Miami’s Star Island is now the nation’s most expensive neighborhood while the number of New York City areas where buying a home would set you back at least $1 million is on the decline, according to a new survey.
The average price of a single family home on Star Island, the man-made enclave off the coast of Miami Beach that is home to celebrities including Shaquille O’Neal, Gloria Estefan, and Rosie O’Donnell, was valued at an eye-popping $40.2 million as of December, according to Zillow.
That’s a 71% increase from the average price of $23.5 million for a home on the island just three years ago, according to the study, which was earlier cited by Bloomberg News.
Ken Griffin, the hedge fund billionaire who runs Citadel, recently purchased five properties on the island for a combined $194 million — pushing Star Island to the top of Zillow’s rankings for priciest neighborhood.
Star Island is now four times as expensive as Beverly Hills Gateway in Beverly Hills, Calif. and more than twice as expensive as the second-priciest neighborhood in the country — the Port Royal section of Naples, Fla., according to Zillow.
Overall, the Miami metropolitan area has seen a whopping 160% increase in the number of million-dollar zip codes — from just 10 in Dec. 2019 to 26 as of December of last year, according to Realtor.com.
New York City, meanwhile, has seen a decline in its share of neighborhoods where the median listed price of a home is at least $1 million.
Marble Hill, Manhattan’s northern-most neighborhood and the only part of the borough which is physically attached to the Bronx, has seen typical home prices decline from $1.81 million in 2019 to $1.24 million — a 32% drop, according to Zillow.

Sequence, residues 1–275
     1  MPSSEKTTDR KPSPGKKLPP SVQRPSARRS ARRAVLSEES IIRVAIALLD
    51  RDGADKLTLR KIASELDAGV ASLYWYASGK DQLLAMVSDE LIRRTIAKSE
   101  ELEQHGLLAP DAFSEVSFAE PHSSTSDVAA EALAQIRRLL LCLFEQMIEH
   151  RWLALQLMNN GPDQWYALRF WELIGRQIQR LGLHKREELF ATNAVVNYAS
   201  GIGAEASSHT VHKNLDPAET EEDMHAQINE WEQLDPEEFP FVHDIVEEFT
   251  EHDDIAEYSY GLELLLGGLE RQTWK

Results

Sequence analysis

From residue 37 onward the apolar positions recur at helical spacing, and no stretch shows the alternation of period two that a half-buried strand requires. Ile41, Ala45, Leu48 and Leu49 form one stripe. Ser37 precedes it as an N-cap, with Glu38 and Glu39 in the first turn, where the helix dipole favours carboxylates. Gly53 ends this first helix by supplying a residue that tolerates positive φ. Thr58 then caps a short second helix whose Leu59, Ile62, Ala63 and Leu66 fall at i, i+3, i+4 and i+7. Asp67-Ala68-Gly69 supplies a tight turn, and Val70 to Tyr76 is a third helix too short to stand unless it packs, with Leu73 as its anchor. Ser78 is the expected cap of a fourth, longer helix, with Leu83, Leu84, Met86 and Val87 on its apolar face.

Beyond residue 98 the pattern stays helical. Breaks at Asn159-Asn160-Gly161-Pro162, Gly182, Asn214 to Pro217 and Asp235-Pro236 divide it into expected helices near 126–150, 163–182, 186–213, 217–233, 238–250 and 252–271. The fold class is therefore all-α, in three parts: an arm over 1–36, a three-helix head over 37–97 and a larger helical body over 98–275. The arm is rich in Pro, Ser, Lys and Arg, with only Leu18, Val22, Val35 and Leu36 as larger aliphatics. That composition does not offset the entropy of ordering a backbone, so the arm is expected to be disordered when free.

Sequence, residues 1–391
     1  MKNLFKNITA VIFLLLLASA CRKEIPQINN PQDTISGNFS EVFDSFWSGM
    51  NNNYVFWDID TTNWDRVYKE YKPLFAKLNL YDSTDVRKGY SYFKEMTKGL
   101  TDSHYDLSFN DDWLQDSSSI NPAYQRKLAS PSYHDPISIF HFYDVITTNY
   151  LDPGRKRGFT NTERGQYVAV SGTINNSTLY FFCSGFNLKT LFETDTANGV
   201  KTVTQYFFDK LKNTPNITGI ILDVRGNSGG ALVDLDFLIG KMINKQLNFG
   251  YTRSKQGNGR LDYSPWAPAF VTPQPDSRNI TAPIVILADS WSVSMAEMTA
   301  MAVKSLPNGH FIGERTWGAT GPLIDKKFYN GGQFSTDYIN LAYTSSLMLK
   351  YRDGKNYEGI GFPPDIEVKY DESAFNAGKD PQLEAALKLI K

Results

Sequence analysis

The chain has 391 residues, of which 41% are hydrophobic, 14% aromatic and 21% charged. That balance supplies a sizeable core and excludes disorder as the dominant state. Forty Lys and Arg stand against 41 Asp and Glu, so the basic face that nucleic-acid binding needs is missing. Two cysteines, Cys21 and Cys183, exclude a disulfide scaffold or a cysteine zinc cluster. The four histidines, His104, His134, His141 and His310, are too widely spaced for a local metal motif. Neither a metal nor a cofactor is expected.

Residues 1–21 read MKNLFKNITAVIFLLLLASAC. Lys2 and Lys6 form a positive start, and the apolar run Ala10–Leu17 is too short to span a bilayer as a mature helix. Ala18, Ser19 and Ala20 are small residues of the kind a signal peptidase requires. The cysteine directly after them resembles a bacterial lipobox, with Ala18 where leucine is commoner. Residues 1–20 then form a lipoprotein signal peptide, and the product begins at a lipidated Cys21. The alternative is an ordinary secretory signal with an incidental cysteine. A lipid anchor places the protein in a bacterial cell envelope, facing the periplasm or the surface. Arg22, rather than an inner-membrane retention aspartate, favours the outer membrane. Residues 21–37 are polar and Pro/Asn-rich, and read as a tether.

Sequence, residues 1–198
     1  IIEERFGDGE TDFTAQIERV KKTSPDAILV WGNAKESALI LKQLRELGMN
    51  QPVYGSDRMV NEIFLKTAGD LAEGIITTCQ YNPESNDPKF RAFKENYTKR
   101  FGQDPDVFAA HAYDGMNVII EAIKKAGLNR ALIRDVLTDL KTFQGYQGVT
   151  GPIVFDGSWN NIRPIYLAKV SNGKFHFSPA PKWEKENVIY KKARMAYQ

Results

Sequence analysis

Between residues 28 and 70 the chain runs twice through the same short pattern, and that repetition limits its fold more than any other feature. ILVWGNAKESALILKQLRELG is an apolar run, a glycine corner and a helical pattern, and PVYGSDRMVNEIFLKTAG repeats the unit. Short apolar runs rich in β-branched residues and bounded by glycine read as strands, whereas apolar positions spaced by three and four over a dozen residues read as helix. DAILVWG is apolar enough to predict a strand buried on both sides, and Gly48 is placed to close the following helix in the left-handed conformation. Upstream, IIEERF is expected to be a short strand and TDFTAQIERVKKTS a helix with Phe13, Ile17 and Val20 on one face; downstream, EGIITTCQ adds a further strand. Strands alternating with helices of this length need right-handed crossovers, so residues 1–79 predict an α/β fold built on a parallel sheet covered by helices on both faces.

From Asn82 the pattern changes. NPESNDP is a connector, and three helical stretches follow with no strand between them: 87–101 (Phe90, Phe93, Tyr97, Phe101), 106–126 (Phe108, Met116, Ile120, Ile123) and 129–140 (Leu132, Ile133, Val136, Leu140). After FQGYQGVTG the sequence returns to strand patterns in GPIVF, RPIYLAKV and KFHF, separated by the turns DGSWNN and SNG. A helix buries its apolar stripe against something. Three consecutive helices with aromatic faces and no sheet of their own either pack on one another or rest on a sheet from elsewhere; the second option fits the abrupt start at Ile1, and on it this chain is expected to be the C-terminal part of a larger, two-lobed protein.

A home in Washington Heights which cost $1.39 million three years ago saw its value drop by 20% to $1.12 million as of this past December, the survey by Zillow found.
Home-hunters looking for a property on Manhattan’s Upper East Side would have had to pay $8.31 million three years ago. As of December, that figure dropped by 9% to $7.58 million.
Price neighborhoods in San Francisco, including Polk Gulch, Mission Dolores, Lower Haight, and South of Market, also saw double-digit percentage declines in home values over the course of the past three years, according to Zillow.
New York and San Francisco have both been plagued in recent years by a decline in the quality of life that local residents have blamed on surging crime rates, rampant homelessness, high taxation, and increasingly unaffordable cost of living.
Florida, Texas, and other Sun Belt states have been the beneficiaries of a significant gain in inflow migration in recent years thanks to overall lower cost of living, warmer weather, more lax COVID restrictions, and a friendlier business environment.
Federal government data shows that Florida recently surpassed New York State in the number of nonfarm jobs for the first time in 40 years.
Last week, Stephen Ross, the billionaire real estate developer behind the Hudson Yards project, predicted that New Yorkers will continue to move to Florida due to the relative “ease of living” in the Sunshine State.
In 2022, more New Yorkers moved to Florida than in any year in history, official statistics show.
Ex-Brit turned Manhattan resident since 2008.